Try and put your baby in another room if possible

If your child is eight months or older, my advice is to try to make some sort of a private space for your baby to sleep. This could be the bathroom (if it’s big enough) or the closet. Anywhere that you can build some sort of a partition between you and your baby, so that if she has a wake up in the middle of the night she is not so excited to see her two favourite people that she ends up wide awake thinking it’s play time! Of course, getting an extra bedroom for your child is great if that’s an option for you.

All parents need to know how to prepare baby for the clock change

On the 25th March 2018, clocks spring forward an hour which means it’s the start of Daylight Savings Time, which also means one hour less sleep for you (boo!) I think daylight savings wreaks havoc on our sleep schedules and can increase sleep debt in both children and adults. It can be kind of like the baby has jet lag. They may be harder to put down at bedtime or awake when they’re not supposed to be. We are already a sleep-deprived nation, so losing that extra hour only makes it worse (and more dangerous). Having a fussy infant on your hands is never any fun, but thankfully there are a few tricks to helping your little one adjust to the time change.

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Yes…baby self settling is possible

My nephew baby Tate is now 4 months old. I have taught him the skill of sleep since he reached the appropriate birth weight, which was about a month ago.

For the sceptics that do not think it is easy to get a 4 month old to sleep from 7pm – 7am, watch how very easy it is

 

I have taught many parents around the world, how to pass on to their children the skill of sleep.

Read the real life testimonials on Facebook  or on this website from parents whom are now getting the sleep they deserve.

How Much Sleep Does A Baby Need Daily?This week’s question comes from Tracey and she writes:

“What is a normal amount of time to have a baby awake during the day so that they sleep better at night? My baby is two months old.”

Thanks Tracey! It’s a common misconception really, that if you keep the baby awake longer throughout the day, they’ll sleep better at night; the exact opposite is true. Read more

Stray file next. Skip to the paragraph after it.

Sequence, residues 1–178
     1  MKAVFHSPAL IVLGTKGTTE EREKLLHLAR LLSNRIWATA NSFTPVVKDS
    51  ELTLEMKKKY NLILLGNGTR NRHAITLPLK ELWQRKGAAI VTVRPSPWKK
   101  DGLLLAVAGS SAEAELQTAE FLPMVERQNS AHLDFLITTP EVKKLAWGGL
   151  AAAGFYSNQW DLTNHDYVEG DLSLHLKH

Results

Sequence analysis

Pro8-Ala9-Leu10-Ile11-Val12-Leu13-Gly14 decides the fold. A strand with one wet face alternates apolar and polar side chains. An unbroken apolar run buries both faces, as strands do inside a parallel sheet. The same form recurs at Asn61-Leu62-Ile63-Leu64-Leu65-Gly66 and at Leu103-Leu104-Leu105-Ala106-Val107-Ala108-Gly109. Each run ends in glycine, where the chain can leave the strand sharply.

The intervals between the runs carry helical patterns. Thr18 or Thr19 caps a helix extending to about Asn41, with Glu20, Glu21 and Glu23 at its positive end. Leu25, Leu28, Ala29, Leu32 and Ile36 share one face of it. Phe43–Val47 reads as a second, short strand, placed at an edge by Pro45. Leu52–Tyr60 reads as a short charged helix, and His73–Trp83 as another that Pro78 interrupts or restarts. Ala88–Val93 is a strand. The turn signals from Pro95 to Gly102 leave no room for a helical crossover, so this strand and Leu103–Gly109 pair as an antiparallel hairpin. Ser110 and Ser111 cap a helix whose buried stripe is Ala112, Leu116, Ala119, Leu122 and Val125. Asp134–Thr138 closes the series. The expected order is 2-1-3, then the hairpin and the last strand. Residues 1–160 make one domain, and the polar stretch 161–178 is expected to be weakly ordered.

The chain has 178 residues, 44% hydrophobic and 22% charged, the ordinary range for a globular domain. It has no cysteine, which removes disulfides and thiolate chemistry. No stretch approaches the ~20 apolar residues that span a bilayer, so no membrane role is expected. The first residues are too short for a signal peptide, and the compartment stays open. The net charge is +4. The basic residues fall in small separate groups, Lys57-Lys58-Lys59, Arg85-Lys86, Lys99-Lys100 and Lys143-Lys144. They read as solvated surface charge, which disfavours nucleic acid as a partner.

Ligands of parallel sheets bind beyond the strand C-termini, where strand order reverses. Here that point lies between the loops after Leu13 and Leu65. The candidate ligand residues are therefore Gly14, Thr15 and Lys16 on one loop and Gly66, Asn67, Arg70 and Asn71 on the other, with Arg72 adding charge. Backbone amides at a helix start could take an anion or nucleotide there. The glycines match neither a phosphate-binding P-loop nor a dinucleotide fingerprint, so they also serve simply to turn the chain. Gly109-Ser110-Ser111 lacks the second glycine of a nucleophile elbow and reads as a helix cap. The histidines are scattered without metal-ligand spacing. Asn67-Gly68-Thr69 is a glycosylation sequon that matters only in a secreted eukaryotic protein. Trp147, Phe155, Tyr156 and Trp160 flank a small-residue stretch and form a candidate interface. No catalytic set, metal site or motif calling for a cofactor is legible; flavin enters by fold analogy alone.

Is It Too Noisy For Your Baby To Sleep?This week’s question is from Tammy. She writes:

“My in-laws are coming to visit for a week and are under the impression that babies will sleep through anything and that they just need to “get used to” the noise. What are your thoughts on this issue? Is it possible for it to be too noisy for baby?” Read more

When Should I Stop Swaddling My Baby?This week’s question comes from Victoria:

“At what age should I stop swaddling my baby? It is the only way she will fall asleep and stay asleep.”

That is a great question Victoria and it can be a tricky one because I recommend that people swaddle newborns. I think it’s a great tool.

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Will Putting Cereal In My Babys Bottle help Her Sleep“Cereal in a bottle will help baby to sleep better!

I hear that all the time. I know it’s an old wives’ tale. Your grandmother probably told you, “Oh, put cereal in a bottle with breast milk or the formula, and this baby will sleep all night.” The truth is that is not true.

You want to be very careful and cautious about when you introduce solids to your baby. There’s a lot of evidence that suggests starting solids too early can lead to some allergies in the future. Read more

Does Your Baby Need Soothing Back To Sleep?

Soothing Back to Sleep…

This question comes from Kim who writes:

“Why does my 13 month old wake up between the hours of 2:00am and 4:00am and just needs to be patted right back to sleep? I don’t take him out of his cot but it takes a toll on me to stand over him and pat his back until he falls asleep again.”

Well Kim, You want to think about how Jacob falls asleep at bedtime. If you find that part of your bedtime routine includes putting him in his cot, and then standing above him patting his back, in a way he’s falling asleep on his own but in another way he’s not. Read more